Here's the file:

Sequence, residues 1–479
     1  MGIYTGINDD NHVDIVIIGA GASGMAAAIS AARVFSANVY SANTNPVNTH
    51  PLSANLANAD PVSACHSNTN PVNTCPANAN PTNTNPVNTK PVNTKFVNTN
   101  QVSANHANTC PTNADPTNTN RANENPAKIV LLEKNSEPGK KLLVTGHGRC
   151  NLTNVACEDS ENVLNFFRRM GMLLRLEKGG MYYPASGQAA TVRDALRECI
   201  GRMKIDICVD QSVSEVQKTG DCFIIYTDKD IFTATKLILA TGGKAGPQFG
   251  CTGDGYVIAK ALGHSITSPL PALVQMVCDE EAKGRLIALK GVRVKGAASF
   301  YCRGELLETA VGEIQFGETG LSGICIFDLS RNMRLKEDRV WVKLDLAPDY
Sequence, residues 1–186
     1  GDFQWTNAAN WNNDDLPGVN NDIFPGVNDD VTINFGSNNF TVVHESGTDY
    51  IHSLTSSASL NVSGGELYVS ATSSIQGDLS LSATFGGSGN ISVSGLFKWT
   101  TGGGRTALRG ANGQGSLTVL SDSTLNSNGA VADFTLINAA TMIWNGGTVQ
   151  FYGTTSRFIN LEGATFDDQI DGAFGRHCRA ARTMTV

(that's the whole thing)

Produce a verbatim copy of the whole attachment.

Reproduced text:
Sequence, residues 1–479
     1  MGIYTGINDD NHVDIVIIGA GASGMAAAIS AARVFSANVY SANTNPVNTH
    51  PLSANLANAD PVSACHSNTN PVNTCPANAN PTNTNPVNTK PVNTKFVNTN
   101  QVSANHANTC PTNADPTNTN RANENPAKIV LLEKNSEPGK KLLVTGHGRC
   151  NLTNVACEDS ENVLNFFRRM GMLLRLEKGG MYYPASGQAA TVRDALRECI
   201  GRMKIDICVD QSVSEVQKTG DCFIIYTDKD IFTATKLILA TGGKAGPQFG
   251  CTGDGYVIAK ALGHSITSPL PALVQMVCDE EAKGRLIALK GVRVKGAASF
   301  YCRGELLETA VGEIQFGETG LSGICIFDLS RNMRLKEDRV WVKLDLAPDY
Sequence, residues 1–186
     1  GDFQWTNAAN WNNDDLPGVN NDIFPGVNDD VTINFGSNNF TVVHESGTDY
    51  IHSLTSSASL NVSGGELYVS ATSSIQGDLS LSATFGGSGN ISVSGLFKWT
   101  TGGGRTALRG ANGQGSLTVL SDSTLNSNGA VADFTLINAA TMIWNGGTVQ
   151  FYGTTSRFIN LEGATFDDQI DGAFGRHCRA ARTMTV